how can you include gamma linolenic acid in your diet if trying to follow the stockholm protocol?

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A:

If you're asking if there's a conflict between the acid and the protocol, read the following:

The article focuses on Gamma-linolenic acid (GLA), an essential fatty acid (EFA) in the Omega-6 family. According to researchers at Northwestern University in Chicago, Illinois, it inhibits action of a cancer gene responsible for almost 30 percent of breast cancers. Ruth Lupu, director of Evanston Northwestern Healthcare Breast Cancer Translational Research Program, who led the study, says that treating the cancer cell lines with both GLA and Herpetin led to a synergistic increase in cell death and reduced cancer growth. EFAs cannot be made in the body and must be obtained from food.[READ ATTACHED FILE]

Dance Down the Primrose Path...You'll Be GLA-D You Did!

Arthritis, allergies, eczema, heart problems, diabetes, immune deficiency, PMS, hyperactivity, cancer, liver degeneration, alcoholism, overweight, dry eyes, and brittle nails. In your circle of acquaintances, who is suffering from one or many of these poor health conditions? There is a substance that can help to boost immunity, alleviate symptoms, and in some cases actually restore health.

Although rarely found in nature, this substance is not magic. In fact, it is something that given complete nutrition and perfect health is made naturally by the body. It is gamma-linolenic acid, GLA, and it is available to us in varying amounts from evening primrose oil, black currant seed oil, and borage oil. GLA is important because it is one of the fatty acids needed by the body to make prostaglandins.

A New Meaning for PG

Prostaglandins (PGs) were originally thought to exist only in the prostate gland (hence the name). However, we now know that these very powerful biochemicals are found in every cell in the body. They appear to be controlling factors in the orchestration of such diverse functions as circulation, reproduction, metabolism, and growth. Since a multitude of health problems result from a deficiency of prostaglandins, it follows that many disease states might be controlled or cured by normalizing their production.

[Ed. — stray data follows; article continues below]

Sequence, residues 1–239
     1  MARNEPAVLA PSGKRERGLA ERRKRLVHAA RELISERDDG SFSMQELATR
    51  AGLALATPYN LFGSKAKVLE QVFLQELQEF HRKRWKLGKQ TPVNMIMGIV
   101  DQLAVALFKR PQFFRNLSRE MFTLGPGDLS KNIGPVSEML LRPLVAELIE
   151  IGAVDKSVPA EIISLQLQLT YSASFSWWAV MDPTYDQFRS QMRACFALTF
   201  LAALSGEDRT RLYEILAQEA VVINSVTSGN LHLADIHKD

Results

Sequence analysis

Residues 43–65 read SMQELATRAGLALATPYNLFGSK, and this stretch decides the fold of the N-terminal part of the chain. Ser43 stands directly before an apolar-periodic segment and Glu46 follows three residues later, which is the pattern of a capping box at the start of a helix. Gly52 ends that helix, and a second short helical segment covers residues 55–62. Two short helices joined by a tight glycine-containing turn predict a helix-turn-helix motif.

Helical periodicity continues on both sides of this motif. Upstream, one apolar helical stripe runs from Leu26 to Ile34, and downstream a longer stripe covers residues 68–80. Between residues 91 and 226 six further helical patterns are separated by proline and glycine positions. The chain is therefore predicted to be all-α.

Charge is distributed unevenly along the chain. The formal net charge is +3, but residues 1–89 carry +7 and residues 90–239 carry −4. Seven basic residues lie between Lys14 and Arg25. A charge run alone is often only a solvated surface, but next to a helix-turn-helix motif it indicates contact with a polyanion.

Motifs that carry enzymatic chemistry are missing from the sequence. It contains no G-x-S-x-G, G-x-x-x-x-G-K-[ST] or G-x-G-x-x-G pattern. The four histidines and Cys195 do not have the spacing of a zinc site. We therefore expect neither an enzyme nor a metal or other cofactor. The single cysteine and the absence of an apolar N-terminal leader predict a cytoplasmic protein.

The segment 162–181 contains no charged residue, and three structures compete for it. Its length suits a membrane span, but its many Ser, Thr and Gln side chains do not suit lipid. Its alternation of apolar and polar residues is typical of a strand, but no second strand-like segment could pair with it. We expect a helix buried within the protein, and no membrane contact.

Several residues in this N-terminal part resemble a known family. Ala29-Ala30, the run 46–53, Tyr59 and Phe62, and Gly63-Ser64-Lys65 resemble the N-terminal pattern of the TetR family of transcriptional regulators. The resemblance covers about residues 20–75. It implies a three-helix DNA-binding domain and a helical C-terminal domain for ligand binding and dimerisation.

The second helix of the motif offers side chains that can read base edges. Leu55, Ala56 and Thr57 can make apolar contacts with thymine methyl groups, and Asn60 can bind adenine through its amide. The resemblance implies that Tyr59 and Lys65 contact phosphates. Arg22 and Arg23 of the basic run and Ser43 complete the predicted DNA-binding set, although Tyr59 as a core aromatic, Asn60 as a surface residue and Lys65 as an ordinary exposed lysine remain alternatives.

Prostaglandins are not stored in the tissues but are synthesized instantaneously from essential fatty acids in a complex series of steps involving various enzymes. There are three basic classifications of PGs: PG1, PG2, and PG3. All are produced from the two fatty acids essential to health: linoleic acid and alpha linolenic acid. These essential fatty acids (EFAs) are supplied to the body through the ingestion of polyunsaturated oils. They are also known respectively as omega-6 and omega-3 oils. Linoleic/omega-6 ultimately results in the production of PG1 and PG2. Alpha linolenic/omega-3 yields PG3.

EFAs serve many purposes in the body, including nerve insulation, organ cushioning and temperature maintenance. In this issue of the newsletter, our interest is directed toward the part EFAs play in prostaglandin production, and specifically in the cascade of changes that results in the conversion of linoleic acid to PG1. In writing about PG1, David Horrobin, well-known for his work with prostaglandins and a pioneer in evening primrose oil research, has stated that PG1 can open up blood vessels which have gone into spasm and reduce the amount of heart attack damage; lower high blood pressure and reduce cholesterol production; block inflammation and control arthritis; stimulate a poorly functioning immune system; have dramatic effects on the nervous system and behavior; and "added to human cancer cells in the laboratory can make them function like normal cells." The prostaglandins have a very short life in the body. They are produced, have their effect, and are metabolized in the wink of an eye. For example, PG1 cannot be taken by mouth because digestion destroys it in seconds nor by injection because it is deactivated by one pass through the lungs. This has made it necessary to direct attention toward finding ways to encourage the body to make its own PG1. Evening primrose, black currant, and borage oils all contain GLA, gamma-linolenic acid, the right raw material to do just that.

Nutrition News.

Stockholm Protocol

http://www.encognitive.com/node/2680

http://www.encognitive.com/node/2494

All the best.


 Answer by prokopton

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